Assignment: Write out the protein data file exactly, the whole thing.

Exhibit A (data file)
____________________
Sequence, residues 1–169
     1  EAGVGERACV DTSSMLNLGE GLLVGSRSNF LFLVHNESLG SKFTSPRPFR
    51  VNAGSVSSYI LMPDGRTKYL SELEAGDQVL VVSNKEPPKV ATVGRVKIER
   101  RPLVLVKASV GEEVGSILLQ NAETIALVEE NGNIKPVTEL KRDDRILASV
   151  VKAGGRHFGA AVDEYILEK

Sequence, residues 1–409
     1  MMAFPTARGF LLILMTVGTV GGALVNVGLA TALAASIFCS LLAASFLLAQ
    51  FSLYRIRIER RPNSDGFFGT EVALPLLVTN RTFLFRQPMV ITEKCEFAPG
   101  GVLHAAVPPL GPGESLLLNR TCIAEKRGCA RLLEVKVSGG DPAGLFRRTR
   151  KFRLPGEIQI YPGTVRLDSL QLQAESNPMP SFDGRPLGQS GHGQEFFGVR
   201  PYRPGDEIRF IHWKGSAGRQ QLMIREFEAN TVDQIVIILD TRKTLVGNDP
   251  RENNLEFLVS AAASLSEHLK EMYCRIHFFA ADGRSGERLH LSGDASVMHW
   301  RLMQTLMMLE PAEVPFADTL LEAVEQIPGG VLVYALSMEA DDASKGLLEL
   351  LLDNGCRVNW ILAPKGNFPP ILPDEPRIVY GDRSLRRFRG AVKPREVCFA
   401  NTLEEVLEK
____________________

Sequence, residues 1–169
     1  EAGVGERACV DTSSMLNLGE GLLVGSRSNF LFLVHNESLG SKFTSPRPFR
    51  VNAGSVSSYI LMPDGRTKYL SELEAGDQVL VVSNKEPPKV ATVGRVKIER
   101  RPLVLVKASV GEEVGSILLQ NAETIALVEE NGNIKPVTEL KRDDRILASV
   151  VKAGGRHFGA AVDEYILEK

Sequence, residues 1–409
     1  MMAFPTARGF LLILMTVGTV GGALVNVGLA TALAASIFCS LLAASFLLAQ
    51  FSLYRIRIER RPNSDGFFGT EVALPLLVTN RTFLFRQPMV ITEKCEFAPG
   101  GVLHAAVPPL GPGESLLLNR TCIAEKRGCA RLLEVKVSGG DPAGLFRRTR
   151  KFRLPGEIQI YPGTVRLDSL QLQAESNPMP SFDGRPLGQS GHGQEFFGVR
   201  PYRPGDEIRF IHWKGSAGRQ QLMIREFEAN TVDQIVIILD TRKTLVGNDP
   251  RENNLEFLVS AAASLSEHLK EMYCRIHFFA ADGRSGERLH LSGDASVMHW
   301  RLMQTLMMLE PAEVPFADTL LEAVEQIPGG VLVYALSMEA DDASKGLLEL
   351  LLDNGCRVNW ILAPKGNFPP ILPDEPRIVY GDRSLRRFRG AVKPREVCFA
   401  NTLEEVLEK